Thursday, July 29, 2010

Darden Firsts

What's the best part about a new place, a new school or a new home? Firsts.

Many firsts will come my way in the next few weeks as I immerse myself in the Darden and Charlottesville community. My first encounter with some of my future classmates came last night when a bunch of us Darden incoming first year students decided to meet up for a pre-Darden get-together. Thanks to Facebook, the turnout was pretty good! Around 15 of us met at Basil restaurant at The Corner near downtown Charlottesville for dinner and drinks. International diversity was quite well represented with people coming from Brazil, Colombia, Nepal, India, Dubai, Taiwan, Philippines (yours truly) and of course, the US (San Francisco, New York, Chicago, Hawaii). Conversation was rich and interesting, with people getting to know each other and starting new bonds. Everyone had very interesting backgrounds and stories to tell--from engineers and consultants to journalists. I was the only boring accountant around!

We went to our first bar experience at Charlottesville where I had my first 'power hour'--a shot game where everyone is supposed to drink one shot of beer every time the music changed. I figured it won't be too difficult since songs changed every four or five minutes. Surprise, surprise: the bar played 1-2 minute edited songs! So yes, I bailed on that challenge. I don't like beer anyway.

After a few hours, we went to a different bar with better cocktails (those I can take). We played this strange game of shooting small sacks of sand into a hole, a long distance away. I guess it's supposed to test how good you can aim with a few bottles of alcohol in your bloodstream. I won twice :)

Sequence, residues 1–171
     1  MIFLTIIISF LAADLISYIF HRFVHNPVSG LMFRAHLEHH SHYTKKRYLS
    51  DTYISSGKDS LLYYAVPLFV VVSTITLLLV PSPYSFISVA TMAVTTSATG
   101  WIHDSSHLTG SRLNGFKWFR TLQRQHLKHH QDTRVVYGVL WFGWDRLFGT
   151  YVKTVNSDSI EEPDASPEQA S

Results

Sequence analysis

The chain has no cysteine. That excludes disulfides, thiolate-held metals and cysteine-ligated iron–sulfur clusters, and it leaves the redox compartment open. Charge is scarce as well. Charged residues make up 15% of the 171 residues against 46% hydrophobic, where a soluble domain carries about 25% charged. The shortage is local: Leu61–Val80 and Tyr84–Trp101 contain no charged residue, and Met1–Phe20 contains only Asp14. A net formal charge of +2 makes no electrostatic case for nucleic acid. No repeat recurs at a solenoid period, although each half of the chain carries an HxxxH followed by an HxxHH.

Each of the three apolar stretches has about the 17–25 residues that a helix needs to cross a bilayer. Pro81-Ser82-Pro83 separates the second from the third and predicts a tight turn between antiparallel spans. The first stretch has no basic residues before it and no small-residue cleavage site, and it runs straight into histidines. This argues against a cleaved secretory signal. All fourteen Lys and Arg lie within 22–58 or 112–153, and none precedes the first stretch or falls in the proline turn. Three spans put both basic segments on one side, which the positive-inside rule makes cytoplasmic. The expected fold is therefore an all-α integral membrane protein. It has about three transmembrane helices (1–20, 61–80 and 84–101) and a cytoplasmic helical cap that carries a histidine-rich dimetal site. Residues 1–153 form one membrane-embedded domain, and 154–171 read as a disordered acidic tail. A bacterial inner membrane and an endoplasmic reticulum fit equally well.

The rest of the night was spent exchanging stories over drinks and dancing. It's quite easy to be comfortable with people you find many commonalities with--whether a career objective, a job history, a dream vacation, or a point of view. I guess there's really truth to what all Admissions officers advised us about choosing schools--it's all about fit. When the night was over, it felt like we weren't strangers at all.

Tomorrow we're scheduled for some barbecue cookout at someone's place. Another first I'm looking forward to.

Wednesday, July 28, 2010

Hello Darden, Hello Charlottesville!

This entry is long, detailed and feels like a 'Dear Diary' piece. So, caveat emptor.

After 22 hours of a cramped, long and arduous journey across the Pacific, I finally made it to Charlottesville yesterday. That trip is something I won't be volunteering for anytime soon. What with the very long immigration queue, stringent customs check and delayed flights. My sleep aid failed to work once again and I was alone with my sad-turned-anxious thoughts.

And so my first glimpse and feel of Charlottesville's abundant greenery and quaint charm was a warm warm welcome. The school grounds was a beautiful sight--extending many miles beyond my human eyesight--with students leisurely walking around the campus, enjoying what is left of summer. I get that scholarly feel and can't help but feel excited to be studying again after five years! The weather was warm, about 32 degrees C or 90 degrees F (I have to get used to measuring the temperature in F). Still nothing I'm not used to back in Manila.

I met my roommate and we bond easily. So happy about that! She was brave enough to rent a U-haul van by herself to fetch our furniture from a second year's apartment and move in to ours. Boy, am I lucky! We still haven't finished unpacking and fixing everything yet but we're slowly getting there. Yesterday ended with a nice dinner with one of the second years who very kindly helped us move in and offered free 'orientation.' Goes to show that Darden's tight-knit community and welcoming culture make two international students feel not so far from home.